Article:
U.S. District Judge Naomi Reice Buchwald of the Southern District of New York ruled that she had misgivings about Wohl’s conduct—including its settling a case amid the expulsion of Reed Smith from the plaintiffs’ counsel group—but said Reed Smith, which had served as class co-counsel for a brief period in September 2016, missed an opportunity to seek its fees in the right venue.

“The sequence of events surrounding Reed Smith’s retention and subsequent termination certainly raises questions regarding Wohl and [Wohl & Fruchter's] motivations.  But Reed Smith was given an opportunity to fully raise those questions, and it failed to do so,” Buchwald said, enjoining Reed Smith’s lawsuit in New York state court against the Wohl firm.

In the underlying class action case against hedge fund SAC Capital and other defendants alleging insider trading of securities, plaintiffs attorneys in May were awarded $27 million in attorney fees after obtaining a $135 million settlement.  About a month after the fee award, Reed Smith, which submitted no fee application in federal court, sued attorney Ethan Wohl and his four-attorney law firm in New York state court arguing it was entitled to fees for its work under tortious interference and unjust enrichment claims.  The firm was seeking at least $6.75 million.

Reed Smith claimed that Wohl & Fruchter, when looking for co-counsel, realized that it was a small firm “overmatched by the resources available to the SAC defendants,” represented by Paul, Weiss, Rifkind, Wharton & Garrison, Willkie Farr & Gallagher, Goodwin Procter and Bracewell.  After Reed Smith was retained, the firm said, it immediately committed significant resources to the SAC action.  And soon after Reed Smith filed notices of appearance in the case, the SAC defendants reached out to Wohl for settlement discussions, Reed Smith said.  “Reed Smith’s appearance was the obvious catalyst for the settlement discussions, which proved to be successful,” the firm claims.

But Reed Smith asserts that when counsel for the SAC defendants at Paul Weiss mused about a possible conflict involving Reed Smith before Southern District Judge John Koeltl, the Wohl firm saw an opportunity to eliminate Reed Smith and “intentionally exploited Paul Weiss’ statements.” Reed Smith formally withdrew from the SAC case in December 2016.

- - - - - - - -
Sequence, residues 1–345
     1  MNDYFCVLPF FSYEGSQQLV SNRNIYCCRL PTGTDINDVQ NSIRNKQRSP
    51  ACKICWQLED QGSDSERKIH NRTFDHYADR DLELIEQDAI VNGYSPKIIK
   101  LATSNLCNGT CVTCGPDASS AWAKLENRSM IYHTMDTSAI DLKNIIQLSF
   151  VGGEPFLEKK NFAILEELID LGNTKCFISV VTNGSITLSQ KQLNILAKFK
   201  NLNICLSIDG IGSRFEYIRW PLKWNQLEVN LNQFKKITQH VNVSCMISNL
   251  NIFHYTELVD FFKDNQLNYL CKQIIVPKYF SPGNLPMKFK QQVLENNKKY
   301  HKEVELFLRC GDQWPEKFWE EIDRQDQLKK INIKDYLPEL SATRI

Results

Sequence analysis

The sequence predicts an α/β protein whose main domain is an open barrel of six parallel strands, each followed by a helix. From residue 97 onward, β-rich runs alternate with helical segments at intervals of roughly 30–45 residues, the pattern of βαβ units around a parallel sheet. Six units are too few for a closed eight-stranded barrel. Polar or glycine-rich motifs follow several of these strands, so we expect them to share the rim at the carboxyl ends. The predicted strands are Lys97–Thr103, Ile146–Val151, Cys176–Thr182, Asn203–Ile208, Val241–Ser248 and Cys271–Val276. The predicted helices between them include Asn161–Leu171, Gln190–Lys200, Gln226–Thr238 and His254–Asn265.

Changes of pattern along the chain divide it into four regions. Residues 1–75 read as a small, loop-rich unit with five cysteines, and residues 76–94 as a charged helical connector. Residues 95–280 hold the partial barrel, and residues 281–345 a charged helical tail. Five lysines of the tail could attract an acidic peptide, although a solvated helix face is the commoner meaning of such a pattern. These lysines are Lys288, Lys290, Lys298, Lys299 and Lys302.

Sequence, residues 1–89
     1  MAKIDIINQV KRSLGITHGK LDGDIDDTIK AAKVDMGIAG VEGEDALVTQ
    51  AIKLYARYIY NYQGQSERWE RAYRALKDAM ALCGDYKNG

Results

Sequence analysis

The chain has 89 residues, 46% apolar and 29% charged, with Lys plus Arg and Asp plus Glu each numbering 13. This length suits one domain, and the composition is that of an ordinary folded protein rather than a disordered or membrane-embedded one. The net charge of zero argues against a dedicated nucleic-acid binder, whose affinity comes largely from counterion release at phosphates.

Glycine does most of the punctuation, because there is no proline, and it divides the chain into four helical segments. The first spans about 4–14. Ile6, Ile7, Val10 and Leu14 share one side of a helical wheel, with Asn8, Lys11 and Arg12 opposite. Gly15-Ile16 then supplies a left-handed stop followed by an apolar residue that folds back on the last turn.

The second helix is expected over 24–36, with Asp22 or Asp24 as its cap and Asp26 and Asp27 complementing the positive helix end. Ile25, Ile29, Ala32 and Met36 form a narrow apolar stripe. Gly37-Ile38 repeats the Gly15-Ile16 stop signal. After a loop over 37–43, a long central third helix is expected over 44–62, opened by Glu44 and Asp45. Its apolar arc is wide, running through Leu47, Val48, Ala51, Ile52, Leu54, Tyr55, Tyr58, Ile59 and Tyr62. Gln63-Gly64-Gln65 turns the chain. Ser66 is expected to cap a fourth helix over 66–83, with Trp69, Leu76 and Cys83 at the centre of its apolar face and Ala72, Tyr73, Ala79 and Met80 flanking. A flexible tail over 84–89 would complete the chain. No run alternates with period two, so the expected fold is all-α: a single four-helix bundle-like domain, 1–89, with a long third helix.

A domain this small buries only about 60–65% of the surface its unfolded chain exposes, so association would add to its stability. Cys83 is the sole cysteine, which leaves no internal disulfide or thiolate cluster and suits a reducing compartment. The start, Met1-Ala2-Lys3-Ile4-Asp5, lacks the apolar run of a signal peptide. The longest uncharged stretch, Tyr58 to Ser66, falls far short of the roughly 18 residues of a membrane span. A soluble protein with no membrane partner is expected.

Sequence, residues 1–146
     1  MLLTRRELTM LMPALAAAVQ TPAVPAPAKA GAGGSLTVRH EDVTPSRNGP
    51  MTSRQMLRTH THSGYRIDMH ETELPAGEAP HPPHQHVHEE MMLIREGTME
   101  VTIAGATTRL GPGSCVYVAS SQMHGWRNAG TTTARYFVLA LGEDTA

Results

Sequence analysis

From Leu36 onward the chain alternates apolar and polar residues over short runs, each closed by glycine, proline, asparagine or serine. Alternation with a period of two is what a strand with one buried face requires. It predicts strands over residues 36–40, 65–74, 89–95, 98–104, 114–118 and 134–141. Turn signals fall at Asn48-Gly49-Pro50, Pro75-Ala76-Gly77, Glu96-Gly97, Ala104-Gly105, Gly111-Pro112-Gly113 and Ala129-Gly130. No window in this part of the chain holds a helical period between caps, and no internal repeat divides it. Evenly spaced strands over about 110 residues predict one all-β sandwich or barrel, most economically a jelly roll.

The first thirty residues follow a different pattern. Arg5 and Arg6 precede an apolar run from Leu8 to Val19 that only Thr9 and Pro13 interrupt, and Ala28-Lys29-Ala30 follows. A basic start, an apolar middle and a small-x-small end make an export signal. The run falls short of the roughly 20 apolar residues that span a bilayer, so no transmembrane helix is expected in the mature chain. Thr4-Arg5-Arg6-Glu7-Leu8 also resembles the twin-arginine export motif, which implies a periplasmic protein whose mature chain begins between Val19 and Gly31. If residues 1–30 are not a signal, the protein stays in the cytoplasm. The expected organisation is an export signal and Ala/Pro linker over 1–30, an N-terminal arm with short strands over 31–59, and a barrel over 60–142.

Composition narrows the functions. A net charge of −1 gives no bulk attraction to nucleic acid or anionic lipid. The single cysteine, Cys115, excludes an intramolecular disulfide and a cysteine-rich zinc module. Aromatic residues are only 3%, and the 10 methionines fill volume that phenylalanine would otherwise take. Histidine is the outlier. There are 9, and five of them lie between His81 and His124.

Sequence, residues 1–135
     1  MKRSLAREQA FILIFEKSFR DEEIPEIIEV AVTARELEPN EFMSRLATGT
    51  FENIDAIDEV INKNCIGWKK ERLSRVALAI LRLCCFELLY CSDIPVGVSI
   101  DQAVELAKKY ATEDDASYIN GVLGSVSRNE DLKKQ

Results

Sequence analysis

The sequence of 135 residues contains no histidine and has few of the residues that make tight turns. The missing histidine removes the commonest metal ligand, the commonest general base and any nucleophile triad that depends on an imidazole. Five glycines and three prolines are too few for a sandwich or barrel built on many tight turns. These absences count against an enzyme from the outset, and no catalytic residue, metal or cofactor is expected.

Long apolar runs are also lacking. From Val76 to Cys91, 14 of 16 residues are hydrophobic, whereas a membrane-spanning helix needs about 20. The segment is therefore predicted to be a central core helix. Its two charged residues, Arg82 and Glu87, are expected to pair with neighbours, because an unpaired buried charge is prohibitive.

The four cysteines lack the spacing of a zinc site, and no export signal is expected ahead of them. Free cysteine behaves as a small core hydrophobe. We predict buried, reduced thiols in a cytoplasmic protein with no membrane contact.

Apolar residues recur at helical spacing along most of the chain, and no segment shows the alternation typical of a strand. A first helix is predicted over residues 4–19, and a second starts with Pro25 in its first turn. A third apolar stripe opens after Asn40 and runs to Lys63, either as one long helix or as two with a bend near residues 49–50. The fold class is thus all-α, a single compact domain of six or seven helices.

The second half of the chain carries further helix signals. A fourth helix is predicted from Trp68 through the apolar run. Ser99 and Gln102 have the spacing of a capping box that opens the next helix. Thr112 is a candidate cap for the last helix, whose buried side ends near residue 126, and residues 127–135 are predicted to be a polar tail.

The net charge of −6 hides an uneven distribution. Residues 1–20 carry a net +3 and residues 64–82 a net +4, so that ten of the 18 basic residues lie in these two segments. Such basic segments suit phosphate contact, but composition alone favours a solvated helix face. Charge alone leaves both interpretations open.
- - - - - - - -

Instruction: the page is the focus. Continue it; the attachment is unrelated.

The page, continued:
In her Nov. 16 ruling, Buchwald rejected Reed Smith’s jurisdictional arguments.  “We have jurisdiction over the fee dispute between Reed Smith on the one hand and Wohl and [Wohl & Fruchter] on the other, and our jurisdiction is exclusive,” Buchwald said, adding that Reed Smith’s presentation of a tort-based theory of recovery “does not change the reality that some quantum of attorneys’ fees is the ultimate recovery sought.”

Buchwald also considered collateral estoppel issues. “The amount of fees to which [Wohl & Fruchter] was entitled was an issue that was litigated, and Judge Koeltl determined that a $27 million award was ‘fair and reasonable,’” she said.  Analyzing the case broadly, Buchwald said she found “little about either side’s conduct that is sympathetic.”

“The rapid succession of events—Reed Smith’s entry into the case, the settlement, and Reed Smith’s dismissal—naturally raises questions as to Wohl and [Wohl & Fruchter's] actions and motivations, and these questions are amplified when the weakness of [Wohl & Fruchter's] conflicts arguments are considered,” she said.  “The record is hardly inconsistent with Reed Smith’s theory that it was terminated by [Wohl & Fruchter's] so that [Wohl & Fruchter] could obtain a larger share of attorneys’ fees.”

However, Reed Smith missed an opportunity to submit an application for fees, she noted.  “We find little equity in allowing Reed Smith to take a mulligan, through duplicative litigation, on an issue that had been squarely teed up,” Buchwald said.

Reed Smith’s explanation for why it failed to do so—that it did not want to interfere with approval of the settlement—“holds little water,” Buchwald said, noting that Reed Smith’s declaration supporting its withdrawal from the federal case detailed its grievances with Wohl and raised questions about the propriety of the settlement.

While the judge said she was enjoining Reed Smith from prosecuting the state court lawsuit “and the implicit application for fees contained therein,” she denied Wohl’s request to reject Reed Smith’s application for attorney fees in federal court.  “Reed Smith has never made a direct application for attorneys’ fees in this court, and there accordingly exists no such application for us to deny,” Buchwald said.